Here's a postcard illustration, courtesy of the Morgan collection - A.A.Milne's Winnie the Pooh and his Ten Honey Pots by artist Ernest Howard Shepard. So many gems to unearth in The Morgan Library. It's heavenly.
April's A to Z Challenge proved interesting, amusing, and eye-opening. First, to publish a blog every day takes dedication, time, and creativity. I did not have a true battleplan and it took a week or so to ramp up and get in the flow.
Second, to browse others' blogs and comment took a lot of time too. But it was refreshing to read so many blogs and appreciate the talent in the world. That's what I'll take from this challenge. I wish I had been able to do more.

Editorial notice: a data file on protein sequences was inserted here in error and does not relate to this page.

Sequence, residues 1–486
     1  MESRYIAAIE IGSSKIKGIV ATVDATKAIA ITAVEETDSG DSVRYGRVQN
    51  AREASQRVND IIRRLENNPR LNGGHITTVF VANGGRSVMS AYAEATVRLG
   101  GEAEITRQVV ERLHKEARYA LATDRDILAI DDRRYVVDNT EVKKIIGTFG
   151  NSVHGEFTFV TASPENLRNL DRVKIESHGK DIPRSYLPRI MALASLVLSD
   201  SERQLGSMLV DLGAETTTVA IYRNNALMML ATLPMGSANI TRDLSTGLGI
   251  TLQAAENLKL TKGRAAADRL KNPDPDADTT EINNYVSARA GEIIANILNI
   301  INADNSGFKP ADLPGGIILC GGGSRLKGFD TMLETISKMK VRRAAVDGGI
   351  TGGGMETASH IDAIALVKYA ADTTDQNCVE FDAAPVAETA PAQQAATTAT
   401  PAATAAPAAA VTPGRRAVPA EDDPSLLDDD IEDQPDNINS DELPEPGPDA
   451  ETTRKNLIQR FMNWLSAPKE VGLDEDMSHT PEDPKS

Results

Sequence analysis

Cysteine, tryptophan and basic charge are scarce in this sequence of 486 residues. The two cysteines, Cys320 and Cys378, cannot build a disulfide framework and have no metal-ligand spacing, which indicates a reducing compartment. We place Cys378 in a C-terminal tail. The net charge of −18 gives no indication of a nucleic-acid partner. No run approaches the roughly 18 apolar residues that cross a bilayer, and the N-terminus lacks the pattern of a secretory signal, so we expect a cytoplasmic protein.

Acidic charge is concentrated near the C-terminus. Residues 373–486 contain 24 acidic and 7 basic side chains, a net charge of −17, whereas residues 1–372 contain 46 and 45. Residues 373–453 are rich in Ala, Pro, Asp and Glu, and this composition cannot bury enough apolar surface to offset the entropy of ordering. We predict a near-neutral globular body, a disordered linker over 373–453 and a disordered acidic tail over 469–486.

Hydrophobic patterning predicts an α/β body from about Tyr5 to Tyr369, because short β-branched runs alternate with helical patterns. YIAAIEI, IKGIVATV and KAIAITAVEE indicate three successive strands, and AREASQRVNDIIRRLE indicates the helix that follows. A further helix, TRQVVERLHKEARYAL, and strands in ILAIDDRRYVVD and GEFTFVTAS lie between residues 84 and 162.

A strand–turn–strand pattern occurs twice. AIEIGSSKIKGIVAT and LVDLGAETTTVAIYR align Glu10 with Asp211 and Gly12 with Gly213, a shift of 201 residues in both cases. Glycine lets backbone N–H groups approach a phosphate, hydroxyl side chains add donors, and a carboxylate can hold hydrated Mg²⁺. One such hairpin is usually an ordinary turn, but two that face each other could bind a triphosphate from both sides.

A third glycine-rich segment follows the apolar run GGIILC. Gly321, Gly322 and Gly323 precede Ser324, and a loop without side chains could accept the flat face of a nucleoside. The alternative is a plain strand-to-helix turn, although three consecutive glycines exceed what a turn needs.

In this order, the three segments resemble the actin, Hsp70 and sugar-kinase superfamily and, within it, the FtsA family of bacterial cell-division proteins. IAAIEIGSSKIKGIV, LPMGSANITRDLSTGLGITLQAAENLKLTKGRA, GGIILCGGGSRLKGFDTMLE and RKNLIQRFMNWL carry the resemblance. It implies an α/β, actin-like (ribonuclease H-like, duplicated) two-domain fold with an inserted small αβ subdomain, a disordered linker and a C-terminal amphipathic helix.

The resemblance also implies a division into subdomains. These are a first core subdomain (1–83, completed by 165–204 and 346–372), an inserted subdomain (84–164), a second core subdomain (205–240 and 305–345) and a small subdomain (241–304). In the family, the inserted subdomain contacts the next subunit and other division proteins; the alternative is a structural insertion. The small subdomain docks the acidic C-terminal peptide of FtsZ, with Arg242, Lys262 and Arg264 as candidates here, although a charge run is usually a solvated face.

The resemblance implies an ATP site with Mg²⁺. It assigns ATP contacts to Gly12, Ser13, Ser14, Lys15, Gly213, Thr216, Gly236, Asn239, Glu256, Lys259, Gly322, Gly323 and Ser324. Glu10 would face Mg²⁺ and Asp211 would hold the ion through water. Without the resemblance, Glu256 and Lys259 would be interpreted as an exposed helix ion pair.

Now I shall return to my once or twice a week blog post, and I do intend to keep reading some of the "finds" from the challenge.
Adventures await. I'm headed to NYC with a friend and we have no official plan. Well, I personally see a bagel in my future, and some italian, and let's face it - there's always a food theme in New York. I can justify it with a straight face because, "I walk a lot." I also found out Tracey has never been on the Staten Island Ferry, so that's on the agenda. It's a great way to see the skyline, the Statue of Liberty, and Ellis Island for free.
Maybe I'll hang around the New Yorker building and hand out cards advertising my book.
Churches, museums, libraries (I want to visit the Morgan. Two years ago I did the New York Public Library tour - wow, impressive). And of course, we'll stand in line at TKTS and find a show to our liking. So many choices - tap dancing tunes or serious dramas
This is a picture I took near Bryant Park. Stories, reflections, and poems waiting to burst forth - I just have to keep my eyes open and soak it all in.
Broadway is Trade and Vanity made flesh - Ralph Waldo Emerson